Jove, $6.99, ISBN 0-515-13176-8
Historical Romance, 2001
The Texan’s Dream, the latest 19th century Texas romance by Jodi Thomas, is boring. Sorry, I have to use such a trite word like “boring”, but seriously, this novel is boring. The writing seems to be going nowhere, the romance is lackluster and seems more like a filler between Western romance stuff, and the characters just don’t grab my interest.
It starts out decently, gripping even. Young Karina Paige O’Riley had to flee when the Irish miners feud in Pittsburgh went out of control and put her life in danger. Her father told her that she could write to him in three months’ time to see if he was still alive.
Cut to two months down the road. Kara, as she calls herself now, is hunted by bounty hunters under the hire of her father’s enemies, the McWimberly clan. With little money left with her, she decides to take on the job as a bookkeeper with Jonathan Catlin, even if she can’t do accounting well.
Little does she know that she has just left one feud to immerse herself in another. Jonathan’s sister is married to a McLain and the McLain and their neighbor ranchers the Wells are at war with each other. Quil McLain is in jail and Jonathan needs Kara to pose as Quil’s late wife. See, Quil’s wife died in childbirth (why she and Quil were in jail is a long, long story best left to the author to tell in this story) and someone needs to take his baby out of the jail.
Meanwhile, if that’s not complicated enough, apparently every other goon in town want Kara or Jonathan or both dead. Then Devin, Kara’s intended, showed up. Is he a good guy or not? (Hint: this is a “typical” romance.)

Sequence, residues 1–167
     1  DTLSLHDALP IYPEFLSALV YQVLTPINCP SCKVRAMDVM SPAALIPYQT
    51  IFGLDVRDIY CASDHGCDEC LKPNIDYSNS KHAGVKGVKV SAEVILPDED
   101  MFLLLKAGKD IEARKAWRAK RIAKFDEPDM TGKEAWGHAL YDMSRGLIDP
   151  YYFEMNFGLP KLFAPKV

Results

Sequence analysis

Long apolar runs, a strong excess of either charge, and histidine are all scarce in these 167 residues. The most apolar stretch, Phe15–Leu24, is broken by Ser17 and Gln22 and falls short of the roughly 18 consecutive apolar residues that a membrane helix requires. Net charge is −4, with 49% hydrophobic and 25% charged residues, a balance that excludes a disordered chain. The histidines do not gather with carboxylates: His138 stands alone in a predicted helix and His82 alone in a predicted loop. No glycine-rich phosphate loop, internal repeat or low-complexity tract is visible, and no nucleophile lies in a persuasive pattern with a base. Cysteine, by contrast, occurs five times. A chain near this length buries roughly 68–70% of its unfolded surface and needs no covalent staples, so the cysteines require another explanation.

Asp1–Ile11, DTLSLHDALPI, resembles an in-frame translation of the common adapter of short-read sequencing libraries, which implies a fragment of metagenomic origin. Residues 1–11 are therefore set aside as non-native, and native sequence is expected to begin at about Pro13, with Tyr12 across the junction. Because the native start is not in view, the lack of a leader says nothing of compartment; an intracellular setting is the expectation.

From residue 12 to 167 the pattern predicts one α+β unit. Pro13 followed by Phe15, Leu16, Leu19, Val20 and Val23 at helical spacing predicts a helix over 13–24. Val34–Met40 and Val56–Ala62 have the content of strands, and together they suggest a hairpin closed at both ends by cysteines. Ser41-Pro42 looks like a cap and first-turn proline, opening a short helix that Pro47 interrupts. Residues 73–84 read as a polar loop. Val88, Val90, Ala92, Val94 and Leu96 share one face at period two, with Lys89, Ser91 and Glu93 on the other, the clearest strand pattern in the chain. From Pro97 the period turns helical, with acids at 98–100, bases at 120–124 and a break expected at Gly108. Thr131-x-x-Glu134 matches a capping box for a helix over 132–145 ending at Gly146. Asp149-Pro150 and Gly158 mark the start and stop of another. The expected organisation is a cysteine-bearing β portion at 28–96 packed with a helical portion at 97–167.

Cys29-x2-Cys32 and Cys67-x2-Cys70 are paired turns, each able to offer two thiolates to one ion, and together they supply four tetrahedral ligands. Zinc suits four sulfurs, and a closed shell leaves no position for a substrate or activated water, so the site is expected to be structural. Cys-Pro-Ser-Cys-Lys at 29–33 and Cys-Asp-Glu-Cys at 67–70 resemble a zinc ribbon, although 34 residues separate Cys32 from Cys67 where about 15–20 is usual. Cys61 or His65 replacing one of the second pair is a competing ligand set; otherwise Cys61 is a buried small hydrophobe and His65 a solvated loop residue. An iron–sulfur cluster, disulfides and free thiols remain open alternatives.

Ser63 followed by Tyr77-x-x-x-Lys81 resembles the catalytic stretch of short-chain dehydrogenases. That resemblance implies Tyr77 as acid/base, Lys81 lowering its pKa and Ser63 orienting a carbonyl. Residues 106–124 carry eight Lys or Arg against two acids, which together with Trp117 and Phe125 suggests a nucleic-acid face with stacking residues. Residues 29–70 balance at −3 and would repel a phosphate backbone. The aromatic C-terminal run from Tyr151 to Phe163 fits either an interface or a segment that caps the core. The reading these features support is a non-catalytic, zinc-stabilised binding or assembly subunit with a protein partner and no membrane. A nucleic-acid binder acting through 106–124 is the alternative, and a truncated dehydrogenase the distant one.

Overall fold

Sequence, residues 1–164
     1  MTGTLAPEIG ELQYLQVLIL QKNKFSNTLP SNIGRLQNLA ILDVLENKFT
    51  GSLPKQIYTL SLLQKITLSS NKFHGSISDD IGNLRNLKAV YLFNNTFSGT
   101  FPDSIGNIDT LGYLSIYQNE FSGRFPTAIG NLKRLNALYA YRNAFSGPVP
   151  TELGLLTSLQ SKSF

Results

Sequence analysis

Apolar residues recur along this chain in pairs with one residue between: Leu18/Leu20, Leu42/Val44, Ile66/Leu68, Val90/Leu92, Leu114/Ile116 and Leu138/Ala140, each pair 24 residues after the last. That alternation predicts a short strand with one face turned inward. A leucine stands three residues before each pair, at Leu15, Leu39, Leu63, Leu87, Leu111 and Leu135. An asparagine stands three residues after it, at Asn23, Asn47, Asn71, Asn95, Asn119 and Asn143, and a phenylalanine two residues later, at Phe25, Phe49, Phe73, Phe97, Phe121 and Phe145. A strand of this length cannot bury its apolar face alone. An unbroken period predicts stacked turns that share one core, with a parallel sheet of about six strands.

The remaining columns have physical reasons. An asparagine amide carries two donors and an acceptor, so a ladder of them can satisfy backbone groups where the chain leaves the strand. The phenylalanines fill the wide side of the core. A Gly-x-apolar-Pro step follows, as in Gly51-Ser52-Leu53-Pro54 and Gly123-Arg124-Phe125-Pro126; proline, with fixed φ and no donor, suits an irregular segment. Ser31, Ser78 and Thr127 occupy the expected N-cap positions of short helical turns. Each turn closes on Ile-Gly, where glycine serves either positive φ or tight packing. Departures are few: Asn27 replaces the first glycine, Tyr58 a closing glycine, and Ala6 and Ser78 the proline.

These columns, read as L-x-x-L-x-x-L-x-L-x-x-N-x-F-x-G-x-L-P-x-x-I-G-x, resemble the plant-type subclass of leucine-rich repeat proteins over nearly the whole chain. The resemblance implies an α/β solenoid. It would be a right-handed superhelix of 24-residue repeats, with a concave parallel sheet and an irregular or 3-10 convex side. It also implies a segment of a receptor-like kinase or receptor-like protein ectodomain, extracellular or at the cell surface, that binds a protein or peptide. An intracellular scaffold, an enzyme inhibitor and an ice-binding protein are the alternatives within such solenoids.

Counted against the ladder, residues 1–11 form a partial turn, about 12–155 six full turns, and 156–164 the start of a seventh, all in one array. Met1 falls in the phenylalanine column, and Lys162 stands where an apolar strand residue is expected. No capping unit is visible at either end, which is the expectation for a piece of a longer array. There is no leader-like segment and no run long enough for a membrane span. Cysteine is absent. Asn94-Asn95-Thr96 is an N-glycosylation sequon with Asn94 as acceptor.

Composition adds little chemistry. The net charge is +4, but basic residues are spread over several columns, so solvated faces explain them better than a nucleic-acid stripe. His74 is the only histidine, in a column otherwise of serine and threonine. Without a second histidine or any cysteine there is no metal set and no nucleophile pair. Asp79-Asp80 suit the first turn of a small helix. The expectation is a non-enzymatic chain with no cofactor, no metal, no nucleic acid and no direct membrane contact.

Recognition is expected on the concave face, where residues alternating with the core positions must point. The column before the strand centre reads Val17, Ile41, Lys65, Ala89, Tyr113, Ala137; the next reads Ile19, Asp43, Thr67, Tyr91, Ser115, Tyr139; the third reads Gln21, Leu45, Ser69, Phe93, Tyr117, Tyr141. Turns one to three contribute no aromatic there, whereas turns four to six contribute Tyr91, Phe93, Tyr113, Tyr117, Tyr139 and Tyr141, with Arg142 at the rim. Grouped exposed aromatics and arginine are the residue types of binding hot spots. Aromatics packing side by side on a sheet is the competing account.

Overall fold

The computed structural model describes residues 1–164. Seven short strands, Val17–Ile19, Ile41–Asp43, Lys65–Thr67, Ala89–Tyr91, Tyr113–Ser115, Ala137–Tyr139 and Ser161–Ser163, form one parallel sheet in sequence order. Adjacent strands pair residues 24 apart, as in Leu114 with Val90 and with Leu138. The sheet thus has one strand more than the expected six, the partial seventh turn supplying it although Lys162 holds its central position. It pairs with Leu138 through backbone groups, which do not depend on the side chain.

This story is a busy one, that’s for sure.
At the same time, the characters are colorless. Kara is one of those colorless super saints who doesn’t care if Jonathan asks her to risk her life without even telling her why – she cares about everybody else but herself! She loves babies! She loves helping old women in trouble! She walks around starry-eyed like a Bambi’s mother before she ended up as barbecued deer meat! No deep thoughts, no personality, just this girly enthusiasm and irrepressible perkiness to help and do anything to save the babies and help the sad, sexy man.
Save me from psychos like this Kara bimbo, please.
Jonathan’s behavior doesn’t make sense. First he tries to make Kara resign, then he is telling her that he knows she will be important to him all along. Huh? Throughout the story, he veers from macho hero who puts the heroine in danger (then again, she willingly endangers herself in the name of stars and moons and whatever) to a hero who tells himself that he loves her even as he asks her to run another superhero stint.
Finally, the dialogues. Oh my god, the Care Bears drunk and junked up don’t sound this bad, as characters run into saccharine long-winded expositions that are stilted and juvenile in nature. I haven’t even successfully pinpoint Kara’s age yet. I guess it’s somewhere between 10 and 12.
Under baked romance, superfluous and overdone external conflicts, and overblown dialogues make me wonder if The Texan’s Dream had been written on a really bad hair day. While not exactly a nightmare, this story isn’t up to par to this author’s better works.